Bourbon Vs Rye Question
Im not quite sure how to ask this, so bear with me here. As far as my whisk(e)y experience, i started with scotch, then bourbon, then rye. My first bourbon was makers, and due to the wheat had a very light taste. I was lead to believe that rye adds a lot of spice and flavor to a whiskey, and i can agree when i compare Makers to Woodford, Four Roses, Old Grand Dad, and finally Rittenhouse. I am currently sitting down with Old Grand Dad 100BIB, and for tasting sake, i poured a swallow of Rittenhouse to compare side by side. The Rittenhouse was actually much smoother, and went down much easier than the Old Grand Dad. (Im still enjoying OGD dont get me wrong.) Now i know whiskey isn't a science, and there is no perfect formula, but i'm still going to ask. If rye is the spicier grain, that adds that extra kick to bourbons like Four Roses, Granddad, maybe Woodford (18%rye), then why is it that the actual rye whiskey i'v tasted is so much smoother and lighter? And does anyone know the percentage of rye in Rittenhouse? I know it has to be at least 51%.
much more than that. For something with a higher content, you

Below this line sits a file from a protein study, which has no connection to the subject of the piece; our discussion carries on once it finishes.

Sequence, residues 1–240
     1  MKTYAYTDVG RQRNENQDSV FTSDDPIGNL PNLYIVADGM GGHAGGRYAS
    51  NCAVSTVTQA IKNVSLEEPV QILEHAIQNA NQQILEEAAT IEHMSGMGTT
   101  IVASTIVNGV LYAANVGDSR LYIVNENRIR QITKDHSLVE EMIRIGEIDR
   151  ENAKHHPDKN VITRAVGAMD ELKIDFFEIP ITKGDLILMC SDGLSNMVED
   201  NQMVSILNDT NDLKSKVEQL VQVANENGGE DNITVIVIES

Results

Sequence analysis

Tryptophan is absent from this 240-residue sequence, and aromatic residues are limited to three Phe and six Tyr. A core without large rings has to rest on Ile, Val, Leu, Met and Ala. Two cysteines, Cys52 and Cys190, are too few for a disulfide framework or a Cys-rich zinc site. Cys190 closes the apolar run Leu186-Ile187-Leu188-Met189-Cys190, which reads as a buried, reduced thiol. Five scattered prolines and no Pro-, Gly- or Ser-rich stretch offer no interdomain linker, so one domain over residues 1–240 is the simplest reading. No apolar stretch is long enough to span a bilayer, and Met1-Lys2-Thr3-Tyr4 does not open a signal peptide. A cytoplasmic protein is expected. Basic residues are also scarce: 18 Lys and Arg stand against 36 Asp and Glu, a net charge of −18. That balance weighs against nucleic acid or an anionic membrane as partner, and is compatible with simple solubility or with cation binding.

could try Bulleit - they use LDI's 95% rye and 5% malt (no corn)
Like you said there is no exact science and the Smoothness of the finish is really determined by a number of factors most notably the barrel. Ask any whiskey/ Whisky expert and they will tell u 2/3 of the finished flavor of every whiskey/whisky is from the barrel. The American oak or most commonly white american oak used has a very rich flavor with 4 distinct strains of vanilla and nice nutty notes they add a lot of depth in flavor which is why most other aged alcohol's use Ex-bourbon barrels to age in.
but back to the main point all whiskies turn out a little different even whiskies that come out of the same batch because they all age in their own distinct barrel and the smoothness or finish really comes from the barrel. The longer the aging process is on the whiskey the more likely you are to have a smoother more robust finish. If i was you i would try and high-end Stright rye and see what you think like; Whistle Pig, Michter's rye or Willet's 5yr straight rye. Those 3 give a great glimpse of how good rye's can be.
hope it helps
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